In the atmosphere, the risk factors of wind and lightning come into play. The basic mitigation is location. As long as the tether's anchor remains within two degrees of the equator, it will remain in the quiet zone between the Earth's Hadley cells, where there is relatively little violent weather. Remaining storms could be avoided by moving a floating anchor platform. The lightning risk can be minimized by using a nonconductive fiber with a water-resistant coating to help prevent a conductive buildup from forming. The wind risk can be minimized by use of a fiber with a small cross-sectional area that can rotate with the wind to reduce resistance.


Sabotage is a relatively unquantifiable problem. Elevators are probably less susceptible than suspension bridges carrying mass vehicular traffic, of which there are many worldwide, none of which have been destroyed. Nonetheless there are few more spectacular possible targets: no terrorist act in history has approached the potential destruction caused by the carefully-targeted sabotage of a space elevator. Concern over sabotage may have an effect on location, since what would be required would be not only an equatorial site but also one outside the range of unstable territories.

Vibrational harmonics

A final risk of structural failure comes from the possibility of vibrational harmonics within the cable. Like the shorter and more familiar strings of stringed instruments, the cable of a space elevator has a natural resonance frequency. If the cable is excited at this frequency, for example by the travel of elevators up and down it, the vibrational energy could build up to dangerous levels and exceed the cable's tensile strength. This can be avoided by the use of intelligent damping systems within the cable, and by scheduling travel up and down the cable keeping its resonant frequency in mind. It may be possible to do damping against Earth's magnetosphere, which would additionally generate electricity that could be passed to the climbers. Oscillations can be either linear or rotational.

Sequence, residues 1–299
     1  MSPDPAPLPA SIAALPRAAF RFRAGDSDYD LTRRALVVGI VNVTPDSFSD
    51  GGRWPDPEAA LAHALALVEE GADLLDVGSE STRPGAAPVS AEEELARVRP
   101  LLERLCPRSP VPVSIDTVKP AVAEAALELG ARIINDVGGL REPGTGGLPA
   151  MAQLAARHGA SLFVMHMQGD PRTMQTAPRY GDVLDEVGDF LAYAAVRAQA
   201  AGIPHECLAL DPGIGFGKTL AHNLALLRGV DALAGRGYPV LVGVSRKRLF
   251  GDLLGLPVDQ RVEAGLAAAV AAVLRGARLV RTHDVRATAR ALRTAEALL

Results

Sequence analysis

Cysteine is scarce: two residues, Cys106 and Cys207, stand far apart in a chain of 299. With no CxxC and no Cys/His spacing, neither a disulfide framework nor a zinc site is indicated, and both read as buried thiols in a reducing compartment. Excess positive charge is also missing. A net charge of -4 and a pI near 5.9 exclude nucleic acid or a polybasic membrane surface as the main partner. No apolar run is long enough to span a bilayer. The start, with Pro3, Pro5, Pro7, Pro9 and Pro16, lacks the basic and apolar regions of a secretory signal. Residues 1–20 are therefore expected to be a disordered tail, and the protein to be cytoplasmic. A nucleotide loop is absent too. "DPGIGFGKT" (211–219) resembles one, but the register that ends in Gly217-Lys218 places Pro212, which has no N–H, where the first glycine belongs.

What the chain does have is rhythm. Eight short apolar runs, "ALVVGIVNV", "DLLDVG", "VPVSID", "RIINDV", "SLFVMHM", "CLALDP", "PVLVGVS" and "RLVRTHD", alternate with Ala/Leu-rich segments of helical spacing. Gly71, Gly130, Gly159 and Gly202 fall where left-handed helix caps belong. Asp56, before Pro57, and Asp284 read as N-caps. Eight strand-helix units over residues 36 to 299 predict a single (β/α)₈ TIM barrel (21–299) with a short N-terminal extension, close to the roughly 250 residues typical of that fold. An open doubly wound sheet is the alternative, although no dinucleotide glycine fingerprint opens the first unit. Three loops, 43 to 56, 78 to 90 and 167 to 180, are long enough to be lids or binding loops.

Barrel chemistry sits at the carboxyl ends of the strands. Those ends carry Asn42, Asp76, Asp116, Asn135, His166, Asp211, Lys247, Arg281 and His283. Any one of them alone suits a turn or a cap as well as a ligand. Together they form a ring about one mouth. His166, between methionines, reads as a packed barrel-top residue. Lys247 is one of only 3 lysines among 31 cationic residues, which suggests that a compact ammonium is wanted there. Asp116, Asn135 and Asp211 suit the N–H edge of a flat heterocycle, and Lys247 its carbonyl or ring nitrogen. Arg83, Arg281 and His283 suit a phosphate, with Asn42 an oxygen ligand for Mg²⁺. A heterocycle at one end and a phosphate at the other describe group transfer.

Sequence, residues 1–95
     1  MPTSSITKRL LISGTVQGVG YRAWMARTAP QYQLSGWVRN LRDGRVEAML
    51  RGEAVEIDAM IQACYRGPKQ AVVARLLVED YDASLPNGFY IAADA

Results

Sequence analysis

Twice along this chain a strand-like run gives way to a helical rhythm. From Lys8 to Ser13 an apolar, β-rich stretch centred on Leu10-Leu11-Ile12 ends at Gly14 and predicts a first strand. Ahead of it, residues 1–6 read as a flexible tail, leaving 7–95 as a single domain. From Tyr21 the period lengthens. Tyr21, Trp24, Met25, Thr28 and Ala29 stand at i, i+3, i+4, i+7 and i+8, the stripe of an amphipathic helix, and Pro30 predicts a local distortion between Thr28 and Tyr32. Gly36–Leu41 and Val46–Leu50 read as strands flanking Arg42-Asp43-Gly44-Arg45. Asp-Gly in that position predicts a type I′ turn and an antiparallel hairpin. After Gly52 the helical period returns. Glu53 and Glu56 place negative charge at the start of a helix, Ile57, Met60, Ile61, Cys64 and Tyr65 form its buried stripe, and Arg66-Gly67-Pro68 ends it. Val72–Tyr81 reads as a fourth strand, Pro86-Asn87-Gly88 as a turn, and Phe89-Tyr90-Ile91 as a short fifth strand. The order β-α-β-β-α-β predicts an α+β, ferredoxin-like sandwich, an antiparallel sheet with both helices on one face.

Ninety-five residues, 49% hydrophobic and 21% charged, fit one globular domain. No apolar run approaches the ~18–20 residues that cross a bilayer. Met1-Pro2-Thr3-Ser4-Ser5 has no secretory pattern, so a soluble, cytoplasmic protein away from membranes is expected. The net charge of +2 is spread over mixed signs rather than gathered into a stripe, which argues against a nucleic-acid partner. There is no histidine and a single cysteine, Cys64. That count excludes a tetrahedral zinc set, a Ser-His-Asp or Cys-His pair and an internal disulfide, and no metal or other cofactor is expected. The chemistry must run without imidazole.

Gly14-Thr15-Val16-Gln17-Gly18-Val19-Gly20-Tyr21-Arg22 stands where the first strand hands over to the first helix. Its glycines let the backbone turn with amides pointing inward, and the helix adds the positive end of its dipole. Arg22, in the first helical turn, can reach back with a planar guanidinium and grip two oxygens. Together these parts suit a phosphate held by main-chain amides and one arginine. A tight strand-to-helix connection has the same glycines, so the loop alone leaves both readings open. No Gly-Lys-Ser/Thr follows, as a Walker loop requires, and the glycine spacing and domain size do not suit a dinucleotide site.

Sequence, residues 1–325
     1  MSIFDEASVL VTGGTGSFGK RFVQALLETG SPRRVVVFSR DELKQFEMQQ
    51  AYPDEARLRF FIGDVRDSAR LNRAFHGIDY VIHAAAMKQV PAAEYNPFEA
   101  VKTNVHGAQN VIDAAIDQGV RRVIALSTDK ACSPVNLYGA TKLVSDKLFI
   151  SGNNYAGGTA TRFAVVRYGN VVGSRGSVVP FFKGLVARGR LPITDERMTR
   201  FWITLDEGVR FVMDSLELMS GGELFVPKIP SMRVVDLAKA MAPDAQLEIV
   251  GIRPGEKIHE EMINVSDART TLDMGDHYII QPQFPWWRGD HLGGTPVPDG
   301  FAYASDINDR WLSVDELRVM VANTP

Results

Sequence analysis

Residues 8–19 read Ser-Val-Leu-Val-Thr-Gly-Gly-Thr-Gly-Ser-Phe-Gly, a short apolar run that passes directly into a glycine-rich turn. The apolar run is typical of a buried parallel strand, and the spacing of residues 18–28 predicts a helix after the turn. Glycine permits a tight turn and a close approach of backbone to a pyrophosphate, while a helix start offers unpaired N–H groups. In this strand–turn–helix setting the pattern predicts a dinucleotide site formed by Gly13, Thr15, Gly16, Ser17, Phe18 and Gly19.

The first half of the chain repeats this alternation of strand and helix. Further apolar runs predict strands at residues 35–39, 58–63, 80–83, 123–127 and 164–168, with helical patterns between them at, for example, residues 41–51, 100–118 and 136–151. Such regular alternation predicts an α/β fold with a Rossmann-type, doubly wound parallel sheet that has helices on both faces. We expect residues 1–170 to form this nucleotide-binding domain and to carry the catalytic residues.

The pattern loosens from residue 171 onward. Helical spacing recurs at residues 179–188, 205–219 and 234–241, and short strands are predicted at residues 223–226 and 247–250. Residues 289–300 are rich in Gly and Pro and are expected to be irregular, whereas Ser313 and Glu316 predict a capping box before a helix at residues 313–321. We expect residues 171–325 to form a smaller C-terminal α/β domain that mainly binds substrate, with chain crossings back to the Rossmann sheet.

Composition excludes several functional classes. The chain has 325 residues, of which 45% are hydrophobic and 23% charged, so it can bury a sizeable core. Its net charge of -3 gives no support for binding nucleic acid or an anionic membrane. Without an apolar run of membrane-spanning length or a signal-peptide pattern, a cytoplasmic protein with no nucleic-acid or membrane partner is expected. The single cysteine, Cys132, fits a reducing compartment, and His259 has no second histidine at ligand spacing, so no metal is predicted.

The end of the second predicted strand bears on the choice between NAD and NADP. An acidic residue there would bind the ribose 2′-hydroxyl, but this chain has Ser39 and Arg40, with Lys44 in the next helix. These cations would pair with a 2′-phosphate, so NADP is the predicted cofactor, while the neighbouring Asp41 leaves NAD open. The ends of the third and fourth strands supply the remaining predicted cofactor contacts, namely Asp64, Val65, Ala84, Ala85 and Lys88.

In the event of failure

If despite all these precautions the elevator is severed anyway, the resulting scenario depends on where exactly the break occurred.

Cut near the anchor point

If the elevator is cut at its anchor point on Earth's surface, the outward force exerted by the counterweight would cause the entire elevator to rise upward into a stable orbit. This is because a space elevator must be kept in tension, with greater centrifugal force pulling outward than gravitational force pulling inward, or any additional payload added at the elevator's bottom end would pull the entire structure down.

The ultimate altitude of the severed lower end of the cable would depend on the details of the elevator's mass distribution. In theory, the loose end might be secured and fastened down again. This would be an extremely tricky operation, however, requiring careful adjustment of the cable's center of gravity to bring the cable back down to the surface again at just the right location. It may prove to be easier to build a new system in such a situation.

Cut at about 25,000 km